TheSonntag wrote:
Corona helped the extension of the MD-11 life. Apart from that, a rather questionable design which found a niche, but which certainly fell far behind the A340 and especially the B777.




I wouldn't call the design questionable, rather neglected or malnourished. Since McDD was already running out of cash to innovate, they basically retained most of the DC-10 features and just improved avionics, added scimitar winglets, and lengthened the fuselage, which hindered its success. In addition to the whole small tailplane thing, the plane sadly became a starving disaster. Such a shame for such an otherwise beautiful plane.

I think they meant in terms of how easy it is to crash it if you flair slightly wrong on landing.
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Re: 20 Years ago- Last MD-11 delivered to Lufthansa Cargo

Mon Feb 22, 2021 6:45 pm

Boeing757100 wrote:
gunsontheroof wrote:
Does anyone know if this bird was delivered to LH by Boeing from PAE? I believe AY's final frame(s) were post-Boeing/MD merger.

Still love seeing the 11 from my deck. FX (and sometimes, 5X) still send them my way often enough, but they're sadly a species in decline these days.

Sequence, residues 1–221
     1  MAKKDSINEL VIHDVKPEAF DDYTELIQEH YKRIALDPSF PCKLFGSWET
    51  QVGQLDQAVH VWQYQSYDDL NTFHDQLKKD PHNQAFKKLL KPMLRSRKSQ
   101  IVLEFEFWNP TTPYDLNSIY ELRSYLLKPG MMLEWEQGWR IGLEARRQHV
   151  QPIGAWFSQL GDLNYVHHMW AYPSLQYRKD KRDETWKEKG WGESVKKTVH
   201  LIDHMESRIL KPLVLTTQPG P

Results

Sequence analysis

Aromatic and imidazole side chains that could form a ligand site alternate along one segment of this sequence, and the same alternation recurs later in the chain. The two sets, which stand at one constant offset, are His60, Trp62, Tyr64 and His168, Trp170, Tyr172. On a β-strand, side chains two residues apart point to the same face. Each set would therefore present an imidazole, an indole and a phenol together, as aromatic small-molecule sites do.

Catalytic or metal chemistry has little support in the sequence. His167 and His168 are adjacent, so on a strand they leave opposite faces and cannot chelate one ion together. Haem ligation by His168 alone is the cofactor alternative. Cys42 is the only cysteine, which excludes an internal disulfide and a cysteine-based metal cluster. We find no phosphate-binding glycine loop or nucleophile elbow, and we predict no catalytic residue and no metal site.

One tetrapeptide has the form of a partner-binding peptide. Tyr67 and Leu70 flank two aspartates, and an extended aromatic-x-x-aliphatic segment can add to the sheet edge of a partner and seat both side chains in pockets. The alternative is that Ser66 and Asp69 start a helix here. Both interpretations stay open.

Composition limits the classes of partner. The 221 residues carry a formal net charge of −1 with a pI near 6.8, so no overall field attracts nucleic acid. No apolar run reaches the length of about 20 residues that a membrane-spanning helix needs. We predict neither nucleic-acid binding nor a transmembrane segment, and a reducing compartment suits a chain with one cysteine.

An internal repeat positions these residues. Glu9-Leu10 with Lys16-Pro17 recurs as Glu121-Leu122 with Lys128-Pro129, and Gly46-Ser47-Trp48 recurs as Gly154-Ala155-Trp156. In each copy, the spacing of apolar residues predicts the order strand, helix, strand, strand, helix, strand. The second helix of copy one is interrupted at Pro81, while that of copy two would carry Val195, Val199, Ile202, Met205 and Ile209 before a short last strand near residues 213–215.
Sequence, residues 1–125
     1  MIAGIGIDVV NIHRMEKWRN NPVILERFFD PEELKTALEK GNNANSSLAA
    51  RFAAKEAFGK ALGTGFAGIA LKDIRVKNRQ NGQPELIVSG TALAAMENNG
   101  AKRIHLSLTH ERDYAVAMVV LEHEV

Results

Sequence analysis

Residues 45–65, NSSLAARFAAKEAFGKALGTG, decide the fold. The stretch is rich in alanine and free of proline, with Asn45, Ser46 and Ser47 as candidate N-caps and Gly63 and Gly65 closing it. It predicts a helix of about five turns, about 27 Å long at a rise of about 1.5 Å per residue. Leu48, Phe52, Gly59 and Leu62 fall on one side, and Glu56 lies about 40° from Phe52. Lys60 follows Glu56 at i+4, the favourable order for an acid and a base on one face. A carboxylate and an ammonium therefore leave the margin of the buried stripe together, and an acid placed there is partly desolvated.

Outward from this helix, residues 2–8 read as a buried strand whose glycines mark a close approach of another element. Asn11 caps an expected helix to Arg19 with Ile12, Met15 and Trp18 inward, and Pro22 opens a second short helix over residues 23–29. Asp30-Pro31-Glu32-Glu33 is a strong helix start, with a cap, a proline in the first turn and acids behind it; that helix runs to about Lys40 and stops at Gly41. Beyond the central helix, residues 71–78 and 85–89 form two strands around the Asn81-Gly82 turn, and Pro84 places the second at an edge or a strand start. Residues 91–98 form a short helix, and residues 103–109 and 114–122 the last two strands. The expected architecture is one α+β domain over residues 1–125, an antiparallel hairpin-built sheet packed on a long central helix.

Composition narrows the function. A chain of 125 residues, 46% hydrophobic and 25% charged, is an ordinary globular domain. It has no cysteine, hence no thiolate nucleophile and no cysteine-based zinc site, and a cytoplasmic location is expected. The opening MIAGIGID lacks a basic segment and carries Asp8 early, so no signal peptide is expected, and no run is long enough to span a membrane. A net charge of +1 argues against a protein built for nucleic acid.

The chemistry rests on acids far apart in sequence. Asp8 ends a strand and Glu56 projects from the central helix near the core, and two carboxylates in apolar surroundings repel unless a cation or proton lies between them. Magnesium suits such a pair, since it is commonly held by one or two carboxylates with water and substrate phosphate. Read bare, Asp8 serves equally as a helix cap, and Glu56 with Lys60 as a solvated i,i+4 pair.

I don't think so, 5X is still picking up a few secondhand examples and FX was still getting some till last year or something. And I'd expect there to be some other MD-11F operator (startup) because acquisition cost is so low. If anything, the fleet should be increasing slightly.


Here's the status of the MD-11 fleet: https://www.planespotters.net/productio ... ort=status

Total Number Built: 200
Still Active: 98
Stored: 39
Scrapped: 33
Parked: 20
Written Off: 10

Carriers still flying the MD-11: FX, 5X, LH, KD
 
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flyingclrs727
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Re: 20 Years ago- Last MD-11 delivered to Lufthansa Cargo

Tue Feb 23, 2021 2:28 am

Boeing757100 wrote:
flyingclrs727 wrote:
Boeing757100 wrote: